Former US adviser in Russia testifies before House committees

Fiona Hill the latest witness summoned in impeachment inquiry against Donald Trump

Former White House adviser on Russia Fiona Hill arriving on Capitol Hill in Washington on Monday. Photograph: Andrew Harnik/AP

Former White House adviser on Russia Fiona Hill arriving on Capitol Hill in Washington on Monday. Photograph: Andrew Harnik/AP

 

US president Donald Trump’s former Russia adviser testified on Monday behind closed doors as the latest witness summoned in the Democratic-led impeachment inquiry against Mr Trump over his request that Ukraine investigate Democratic rival Joe Biden.

Fiona Hill, former senior director for European and Russian Affairs on Mr Trump’s National Security Council, was called to appear before the US House of Representatives intelligence committee. She walked past journalists without saying anything as she arrived at the US Capitol building.

The Trump administration’s removal in May of Marie Yovanovitch as US ambassador to Ukraine could figure in Ms Hill’s testimony.

On Friday, Ms Yovanovitch testified that she had been ousted based on “unfounded and false claims” after coming under attack by Mr Trump’s personal lawyer, Rudy Giuliani, who had been working to get Ukraine to investigate Mr Biden and his son Hunter.

The inquiry focuses on a July 25th phone call in which Mr Trump asked Ukrainian president Volodymyr Zelenskiy to investigate the former vice-president.

Democrats have accused Mr Trump of pressuring a vulnerable US ally to dig up dirt on a domestic rival after withholding $391 million in US security aid. Mr Zelenskiy agreed to investigate and Mr Trump eventually allowed the aid.

The British-born Ms Hill, who left her White House job shortly before the July 25th call but remained on the payroll into August, had advocated a tough US approach against Russia even as Mr Trump was more accommodating toward President Vladimir Putin.

US intelligence agencies have concluded that Russia interfered in the 2016 US election with a campaign of hacking and propaganda intended to boost Mr Trump’s candidacy.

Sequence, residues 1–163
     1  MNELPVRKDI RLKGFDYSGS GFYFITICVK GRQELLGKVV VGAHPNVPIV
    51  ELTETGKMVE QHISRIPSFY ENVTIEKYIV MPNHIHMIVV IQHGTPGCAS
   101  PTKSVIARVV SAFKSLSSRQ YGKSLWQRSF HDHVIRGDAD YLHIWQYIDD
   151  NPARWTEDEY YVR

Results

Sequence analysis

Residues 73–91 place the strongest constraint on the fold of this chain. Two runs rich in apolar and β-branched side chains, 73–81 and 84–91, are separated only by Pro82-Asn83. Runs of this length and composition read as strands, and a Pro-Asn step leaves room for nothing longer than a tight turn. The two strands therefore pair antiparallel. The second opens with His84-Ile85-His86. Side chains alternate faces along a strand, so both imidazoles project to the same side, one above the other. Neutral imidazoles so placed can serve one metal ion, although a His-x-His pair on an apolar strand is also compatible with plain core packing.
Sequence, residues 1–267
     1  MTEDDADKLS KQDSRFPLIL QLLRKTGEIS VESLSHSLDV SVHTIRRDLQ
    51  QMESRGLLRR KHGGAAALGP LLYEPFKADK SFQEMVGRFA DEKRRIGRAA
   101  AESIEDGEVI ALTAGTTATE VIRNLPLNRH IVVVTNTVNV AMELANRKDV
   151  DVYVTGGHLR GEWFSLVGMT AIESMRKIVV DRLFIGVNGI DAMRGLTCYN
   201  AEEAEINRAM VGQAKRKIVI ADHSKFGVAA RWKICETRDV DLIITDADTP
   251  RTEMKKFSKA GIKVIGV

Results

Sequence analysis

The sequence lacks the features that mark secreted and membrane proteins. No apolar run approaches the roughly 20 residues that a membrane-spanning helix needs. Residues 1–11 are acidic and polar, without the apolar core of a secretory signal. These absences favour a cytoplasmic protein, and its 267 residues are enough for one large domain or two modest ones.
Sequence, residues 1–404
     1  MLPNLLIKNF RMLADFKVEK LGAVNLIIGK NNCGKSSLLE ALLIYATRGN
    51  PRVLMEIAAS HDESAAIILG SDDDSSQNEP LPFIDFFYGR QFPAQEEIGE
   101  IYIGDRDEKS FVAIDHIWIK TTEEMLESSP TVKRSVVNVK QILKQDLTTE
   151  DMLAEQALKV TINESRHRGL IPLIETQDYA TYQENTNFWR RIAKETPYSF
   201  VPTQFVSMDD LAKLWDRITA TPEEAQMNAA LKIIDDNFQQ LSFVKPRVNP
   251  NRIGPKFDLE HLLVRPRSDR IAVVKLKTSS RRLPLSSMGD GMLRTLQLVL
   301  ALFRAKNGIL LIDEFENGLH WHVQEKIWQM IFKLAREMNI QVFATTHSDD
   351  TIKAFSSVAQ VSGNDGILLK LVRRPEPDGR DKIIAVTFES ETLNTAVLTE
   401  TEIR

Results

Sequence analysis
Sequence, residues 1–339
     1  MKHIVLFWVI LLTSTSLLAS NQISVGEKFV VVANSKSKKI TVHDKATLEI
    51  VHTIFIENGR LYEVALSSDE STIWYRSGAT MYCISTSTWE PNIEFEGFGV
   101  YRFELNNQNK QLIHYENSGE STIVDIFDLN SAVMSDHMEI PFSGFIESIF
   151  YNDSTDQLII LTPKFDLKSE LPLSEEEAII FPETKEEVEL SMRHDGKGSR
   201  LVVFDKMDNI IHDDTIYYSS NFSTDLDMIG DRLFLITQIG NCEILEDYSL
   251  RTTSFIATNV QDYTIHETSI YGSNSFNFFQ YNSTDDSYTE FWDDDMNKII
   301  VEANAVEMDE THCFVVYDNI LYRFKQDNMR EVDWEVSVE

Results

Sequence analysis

Republican congressman Matt Gaetz, an outspoken defender of Mr Trump, was asked to leave the closed session about an hour into Ms Hill’s testimony. Mr Gaetz is not a member of any of the three House committees conducting the impeachment inquiry and Mr Gaetz told reporters the House parliamentarian said he could not attend.

Mr Giuliani faces a Tuesday deadline to produce documents related to the Ukraine matter subpoenaed by the House intelligence committee. He has not said whether he will comply.

Lawmakers this week are returning from a two-week recess, with testimony from current and former administration officials on the schedule. A key event could be testimony on Thursday from Gordon Sondland, the US ambassador to the European Union.

Mr Sondland, a Trump backer and not a career diplomat, participated in a text message exchange with Bill Taylor, the top US diplomat in Ukraine. Democrats say it reveals concern among aides that Mr Trump’s pressure on Ukraine to investigate Mr Biden was improper.

Mr Sondland is expected to be asked why he relayed from Mr Trump to other diplomats that the president said no “quid pro quos” connecting the Biden investigation with the US aid.

Mr Trump has denied wrongdoing. The inquiry could prompt the House to approve articles of impeachment – formal charges – leading to a trial in the Senate on whether to remove Mr Trump from office.

As talks continue over whether the whistleblower from within the US intelligence community who prompted the inquiry will testify, Mr Trump weighed in on Twitter, demanding that the person testify and that the individual’s identity be revealed.

Negotiations between representatives for the whistleblower and congressional committees were deadlocked over Senate intelligence committee requests that the individual provide testimony in person, while the House committees were willing to exchange questions and answers in writing, according to two people familiar with the negotiations. – Reuters